In 2019, an estimated 41 million people voluntarily quit their jobs, up 8% from two years earlier, according to the Work Institute, a Franklin, Tenn.-based consulting firm. Another study from Office Team revealed that 66% of employees (76% for millennials) would quit if they didn’t feel appreciated by their employer or co-workers. These numbers were registered pre-pandemic, but it should give human resource managers and owners across the pest management industry pause.
As an essential business, pest management has carried on throughout the COVID-19 crisis, but has the additional stress of servicing customers’ homes and businesses during a pandemic taken a toll on employees? Will they seek other opportunities when things return to normal? How do you onboard new employees over Zoom? Leila Haas, director of people operations at Sprague Pest Solutions, Tacoma, Wash., addressed these topics during last year’s virtual PestWorld.
ONBOARDING IN A PANDEMIC. Pre-pandemic, Sprague held a new hire immersion event that brought new hires from across its multi-state service area to its Tacoma headquarters. The new hires were immersed in a week’s worth of corporate culture, safety and job-specific training that set the tone for who the organization is and prepared them for the start of their careers.
“Even before the pandemic we were taking a closer look at the onboarding process to see what changes could be made to enhance the process,” said Haas. “We realized we were getting stuck in our ways and needed to identify how to give new hires the most welcoming and engaging experience possible.”
Once the pandemic hit, Sprague pivoted to a virtual onboarding process that helped them create a process that was more comprehensive and more personal.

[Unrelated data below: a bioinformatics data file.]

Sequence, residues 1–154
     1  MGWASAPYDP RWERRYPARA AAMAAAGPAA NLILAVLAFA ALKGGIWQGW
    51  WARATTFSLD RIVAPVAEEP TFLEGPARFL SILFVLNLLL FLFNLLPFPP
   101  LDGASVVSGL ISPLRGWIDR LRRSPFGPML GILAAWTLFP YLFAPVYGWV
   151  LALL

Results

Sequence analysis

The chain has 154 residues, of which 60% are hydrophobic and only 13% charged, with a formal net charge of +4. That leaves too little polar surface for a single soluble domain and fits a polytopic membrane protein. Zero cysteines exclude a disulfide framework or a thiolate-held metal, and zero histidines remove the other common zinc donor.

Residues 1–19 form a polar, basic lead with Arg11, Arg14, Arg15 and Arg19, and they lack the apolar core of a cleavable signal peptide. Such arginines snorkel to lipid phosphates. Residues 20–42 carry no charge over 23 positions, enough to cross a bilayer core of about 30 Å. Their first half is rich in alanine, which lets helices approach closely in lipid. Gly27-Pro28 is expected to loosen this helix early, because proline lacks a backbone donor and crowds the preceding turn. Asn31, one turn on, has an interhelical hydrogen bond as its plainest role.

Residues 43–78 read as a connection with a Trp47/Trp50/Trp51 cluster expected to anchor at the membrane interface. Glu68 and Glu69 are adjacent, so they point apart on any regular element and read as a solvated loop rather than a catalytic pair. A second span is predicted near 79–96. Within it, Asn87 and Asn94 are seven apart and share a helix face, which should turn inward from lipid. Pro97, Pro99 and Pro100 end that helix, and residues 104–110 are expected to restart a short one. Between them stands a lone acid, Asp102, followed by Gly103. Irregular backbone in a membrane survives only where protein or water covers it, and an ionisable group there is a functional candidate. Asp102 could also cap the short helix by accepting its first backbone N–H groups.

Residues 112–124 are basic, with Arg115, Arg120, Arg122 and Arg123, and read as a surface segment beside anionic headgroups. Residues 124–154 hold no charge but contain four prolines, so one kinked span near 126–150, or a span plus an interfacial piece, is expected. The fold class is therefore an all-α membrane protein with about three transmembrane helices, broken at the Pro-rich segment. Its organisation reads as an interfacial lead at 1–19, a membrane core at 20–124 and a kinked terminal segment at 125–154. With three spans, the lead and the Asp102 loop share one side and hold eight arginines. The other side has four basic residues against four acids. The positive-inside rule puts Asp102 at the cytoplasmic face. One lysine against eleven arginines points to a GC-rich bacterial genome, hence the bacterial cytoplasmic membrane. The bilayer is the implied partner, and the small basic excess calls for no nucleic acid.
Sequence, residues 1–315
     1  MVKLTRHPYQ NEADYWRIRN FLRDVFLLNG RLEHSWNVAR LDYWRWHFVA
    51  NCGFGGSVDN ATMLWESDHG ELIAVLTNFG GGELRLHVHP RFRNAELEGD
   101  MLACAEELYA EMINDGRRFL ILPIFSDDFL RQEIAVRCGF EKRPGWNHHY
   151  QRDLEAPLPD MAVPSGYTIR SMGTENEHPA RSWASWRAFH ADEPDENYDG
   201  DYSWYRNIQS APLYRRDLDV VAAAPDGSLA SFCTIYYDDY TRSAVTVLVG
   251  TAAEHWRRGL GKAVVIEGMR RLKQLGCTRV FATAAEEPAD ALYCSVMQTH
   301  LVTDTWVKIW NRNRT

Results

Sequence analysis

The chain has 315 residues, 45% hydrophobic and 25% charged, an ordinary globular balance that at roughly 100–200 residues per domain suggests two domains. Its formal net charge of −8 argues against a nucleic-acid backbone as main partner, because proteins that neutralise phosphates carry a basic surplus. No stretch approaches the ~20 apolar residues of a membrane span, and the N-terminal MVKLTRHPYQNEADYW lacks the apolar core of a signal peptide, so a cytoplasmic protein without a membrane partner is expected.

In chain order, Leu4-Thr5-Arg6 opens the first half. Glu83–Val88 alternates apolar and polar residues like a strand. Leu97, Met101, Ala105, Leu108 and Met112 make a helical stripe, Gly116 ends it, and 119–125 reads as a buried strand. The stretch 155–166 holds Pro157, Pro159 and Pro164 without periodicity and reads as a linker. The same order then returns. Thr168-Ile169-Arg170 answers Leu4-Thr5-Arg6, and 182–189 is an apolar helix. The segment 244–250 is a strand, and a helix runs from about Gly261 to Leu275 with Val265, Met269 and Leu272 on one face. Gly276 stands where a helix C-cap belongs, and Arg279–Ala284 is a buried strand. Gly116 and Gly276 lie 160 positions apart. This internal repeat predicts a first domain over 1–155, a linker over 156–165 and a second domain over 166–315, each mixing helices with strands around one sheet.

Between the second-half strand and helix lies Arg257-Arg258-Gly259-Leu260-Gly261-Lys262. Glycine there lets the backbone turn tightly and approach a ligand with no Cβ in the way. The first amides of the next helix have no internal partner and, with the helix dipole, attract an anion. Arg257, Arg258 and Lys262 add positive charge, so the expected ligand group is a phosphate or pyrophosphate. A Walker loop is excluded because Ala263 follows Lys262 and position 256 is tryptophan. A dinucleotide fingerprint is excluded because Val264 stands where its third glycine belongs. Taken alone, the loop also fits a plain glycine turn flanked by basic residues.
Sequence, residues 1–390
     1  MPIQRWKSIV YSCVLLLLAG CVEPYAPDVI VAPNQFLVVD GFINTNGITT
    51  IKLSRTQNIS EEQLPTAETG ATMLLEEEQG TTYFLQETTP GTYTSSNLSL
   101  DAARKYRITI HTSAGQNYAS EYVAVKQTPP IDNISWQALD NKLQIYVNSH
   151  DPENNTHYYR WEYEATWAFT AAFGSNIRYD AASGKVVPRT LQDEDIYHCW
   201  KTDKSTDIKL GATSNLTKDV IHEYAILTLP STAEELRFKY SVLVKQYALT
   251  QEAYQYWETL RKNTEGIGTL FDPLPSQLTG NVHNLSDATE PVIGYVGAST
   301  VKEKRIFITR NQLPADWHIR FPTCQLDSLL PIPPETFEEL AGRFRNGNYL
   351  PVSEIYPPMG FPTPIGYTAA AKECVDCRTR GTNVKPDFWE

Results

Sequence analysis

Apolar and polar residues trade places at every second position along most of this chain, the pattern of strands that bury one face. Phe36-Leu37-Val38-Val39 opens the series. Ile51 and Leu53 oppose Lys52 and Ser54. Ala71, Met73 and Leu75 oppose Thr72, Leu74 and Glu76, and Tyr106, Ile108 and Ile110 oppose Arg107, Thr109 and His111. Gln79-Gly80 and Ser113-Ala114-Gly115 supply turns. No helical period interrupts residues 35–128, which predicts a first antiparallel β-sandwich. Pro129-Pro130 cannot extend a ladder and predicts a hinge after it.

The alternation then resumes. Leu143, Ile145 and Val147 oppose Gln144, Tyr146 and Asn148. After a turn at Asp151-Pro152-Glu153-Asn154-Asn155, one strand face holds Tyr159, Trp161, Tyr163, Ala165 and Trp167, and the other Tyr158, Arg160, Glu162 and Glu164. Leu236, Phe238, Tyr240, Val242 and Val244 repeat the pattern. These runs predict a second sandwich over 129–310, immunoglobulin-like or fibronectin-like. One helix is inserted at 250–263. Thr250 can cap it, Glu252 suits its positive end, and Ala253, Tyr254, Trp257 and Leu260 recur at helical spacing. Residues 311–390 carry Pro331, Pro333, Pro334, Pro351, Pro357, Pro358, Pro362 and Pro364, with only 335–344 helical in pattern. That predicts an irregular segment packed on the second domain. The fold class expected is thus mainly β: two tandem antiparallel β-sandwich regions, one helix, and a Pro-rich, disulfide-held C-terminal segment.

Haas said they engaged more Sprague team members to create a “warm” introduction process. This was accomplished by creating bios not only for the new hires, but for all the Sprague Pest Solutions team members with whom they would be working. Sharing information on family, hobbies and interests, and background provided instant connections even if they were done over Zoom or a phone call.
“One of the battles in the Zoom era is that new hires can feel like a number and it is important to put people first and pay attention to the details,” said Haas.
A member of Sprague’s HR team serves as a virtual host during the immmersion process, checking in with new hires as they go through the process and meet their new co-workers. The goal is to create a process where the information and process is tailored to them and the message that they are valued from day one is delivered loud and clear.
Haas advises those responsible for onboarding new hires to put aside the limiting factors (time, resources, etc.) and “allow yourself to think about things without constraints.”
“Look at the desired outcome without constraints,” said Haas. “Freeing your mind can open your eyes to new opportunities to improve your processes. You’ll be surprised at what you can accomplish even with limited resources.”
Haas sees several of the adjustments Sprague made over the last year becoming part of the onboarding process going forward.
“We were forced to think differently, and it yielded positive outcomes,” said Haas. “Blended learning formats and personalizing the experience are elements that are here to stay.”
HOME-GROWN LEADERSHIP. When an employee voluntarily leaves his or her job for another, one of the primary reasons they give in an exit interview is that they did not see a career path. As Sprague expanded its footprint from several locations in the Puget Sound region to servicing nine states across the Western U.S., it has been challenged to provide organic growth opportunities for its employees.
The company has taken an aggressive two-pronged approach to the issue through its (1) leadership development program; and (2) creating individual development plans (IDPs) for employees.
The origin of the leadership development program dates back to the late 1980s. Sprague realized it needed to grow its internal business talent to match the expansion it was experiencing and to take the company to the next level.